Autumn An alphabet acrostic

Steven Schnur

Book - 1997

Describes the autumn season, with its animals, rain, cold winds, and harvested food. When read vertically, the first letters of the lines of text spell related words arranged alphabetically, from "acorn" to "zero."

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Subjects
Genres
Picture books
Published
New York : Clarion Books 1997.
Language
English
Physical Description
unpaged : ill
ISBN
0395770432
Main Author
Steven Schnur (-)
Other Authors
Leslie Evans, 1953- (illustrator)
Review by Publishers Weekly Reviews

ACORN, BARN and CORN begin these 26 alphabetically arranged acrostic verses. Schnur's (The Shadow Children) text is at its best when it is simplest, and each line of the acrostic helps a child understand how the word contributes to the season, as with JAM ("Jars of freshly made/ Applesauce, jelly, and/ Marmalade sit gleaming on the kitchen shelf") or SNOW ("Stillness/ Now/ Over all the cold/ White world"). Other verses are quite abstract for this age group, such as "Up beyond the/ Night sky, an/ Indigo darkness like/ Velvet/ Embraces the farthest/ Reaches of the mind,/ Sun, moon, stars, /Everything," and some are not unique to autumn. It's Evans's (illustrator of Jerry Pallotta's The Flower Alphabet Book) linoleum-block prints that are the real draw here. Her clean black lines and bold, hand-colored washes evoke Ashley Wolff's style and palette. Ranging from the cozy cupboard view of bottled preserves in JAM to the aerial view of the town green in TRAIN, the illustrations integrate the elements of each acrostic. Ages 3-8. (Aug.) Copyright 1998 Publishers Weekly Reviews

Review by School Library Journal Reviews

Seasonal books are always in demand and this alphabet acrostic will be especially welcome. In clever, poetic verse, a fall riddle is presented for each letter of the alphabet. The answer is spelled out in the first letter of each line. The riddles are spare with striking images as seen in "Bats/And owls/Roost among empty/Nests." The 26 poems cover such chilly-day themes as knitting, frost, leaves, and icicles. The only source of confusion comes with the always challenging letter "X." Schnur uses the Roman numeral "XII" for 12 and the answer to the riddle is "Xylem," a term not familiar to most primary-grade students. Evans's stunning hand-colored linoleum block prints are clear, bright, and provide sharp clues for the riddles, which are placed in a white box right on each illustration. This delightful alphabet book with a new twist will provide inspiration and challenges for a wide audience. Copyright 1998 School Library Journal Reviews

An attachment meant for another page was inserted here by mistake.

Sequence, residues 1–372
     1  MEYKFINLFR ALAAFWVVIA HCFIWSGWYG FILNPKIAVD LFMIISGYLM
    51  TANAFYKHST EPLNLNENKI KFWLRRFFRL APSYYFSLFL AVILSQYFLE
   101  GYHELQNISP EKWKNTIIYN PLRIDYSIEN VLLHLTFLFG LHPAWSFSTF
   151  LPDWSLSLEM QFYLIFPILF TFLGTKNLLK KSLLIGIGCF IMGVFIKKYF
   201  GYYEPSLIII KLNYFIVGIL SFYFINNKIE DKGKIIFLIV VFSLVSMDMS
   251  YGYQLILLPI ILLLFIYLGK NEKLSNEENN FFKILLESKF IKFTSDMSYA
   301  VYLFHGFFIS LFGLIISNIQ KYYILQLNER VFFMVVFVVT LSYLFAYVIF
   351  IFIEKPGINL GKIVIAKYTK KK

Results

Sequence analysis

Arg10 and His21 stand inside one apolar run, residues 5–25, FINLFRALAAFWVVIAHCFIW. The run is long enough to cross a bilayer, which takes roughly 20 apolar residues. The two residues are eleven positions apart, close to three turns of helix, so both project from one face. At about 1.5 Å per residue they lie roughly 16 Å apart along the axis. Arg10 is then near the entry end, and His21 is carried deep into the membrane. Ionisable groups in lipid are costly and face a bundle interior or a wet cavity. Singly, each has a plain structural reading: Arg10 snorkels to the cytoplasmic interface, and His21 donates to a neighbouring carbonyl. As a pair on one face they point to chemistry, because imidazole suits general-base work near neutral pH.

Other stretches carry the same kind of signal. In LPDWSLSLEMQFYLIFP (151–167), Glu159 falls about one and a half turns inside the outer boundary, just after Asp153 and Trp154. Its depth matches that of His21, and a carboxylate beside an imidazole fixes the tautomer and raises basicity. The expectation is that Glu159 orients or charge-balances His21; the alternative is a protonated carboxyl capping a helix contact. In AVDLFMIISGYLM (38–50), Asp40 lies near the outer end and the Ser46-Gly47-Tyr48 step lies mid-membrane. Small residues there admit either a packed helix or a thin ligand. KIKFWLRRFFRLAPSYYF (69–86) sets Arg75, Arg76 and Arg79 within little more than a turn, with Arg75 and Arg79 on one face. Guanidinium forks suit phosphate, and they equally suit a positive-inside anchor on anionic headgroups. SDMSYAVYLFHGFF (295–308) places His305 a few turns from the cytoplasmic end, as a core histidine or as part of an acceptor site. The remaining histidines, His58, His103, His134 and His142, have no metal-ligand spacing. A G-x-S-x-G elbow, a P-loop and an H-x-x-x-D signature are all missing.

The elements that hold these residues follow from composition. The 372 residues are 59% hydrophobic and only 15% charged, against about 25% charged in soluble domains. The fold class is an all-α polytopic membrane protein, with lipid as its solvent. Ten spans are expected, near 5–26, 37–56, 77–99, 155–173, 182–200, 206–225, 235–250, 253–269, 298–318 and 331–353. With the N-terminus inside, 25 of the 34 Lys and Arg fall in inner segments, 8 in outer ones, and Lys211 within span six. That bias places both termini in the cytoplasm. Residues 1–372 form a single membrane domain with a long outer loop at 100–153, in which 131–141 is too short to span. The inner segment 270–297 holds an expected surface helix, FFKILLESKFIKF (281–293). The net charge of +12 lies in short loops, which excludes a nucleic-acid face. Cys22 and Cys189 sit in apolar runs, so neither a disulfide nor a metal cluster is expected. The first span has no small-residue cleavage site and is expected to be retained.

Review by Publisher Summary 1

A compilation of Native American speeches affirming the desire to live in spiritual and ecological harmony includes the words of Geronimo, Sitting Bull, and Cochise, covering such topics as fishing rights, peace treaties, and the devastation of their land.

Review by Publisher Summary 2

Describes the autumn season, with its animals, rain, cold winds, and harvested food, and when read vertically, the first letters of the lines of text spell related words arranged alphabetically, from "acorn" to "zero"

Review by Publisher Summary 3

One brief acrostic poem for each letter of the alphabet from acorn to zero follows the fall season from end of summer to chilly conclusion.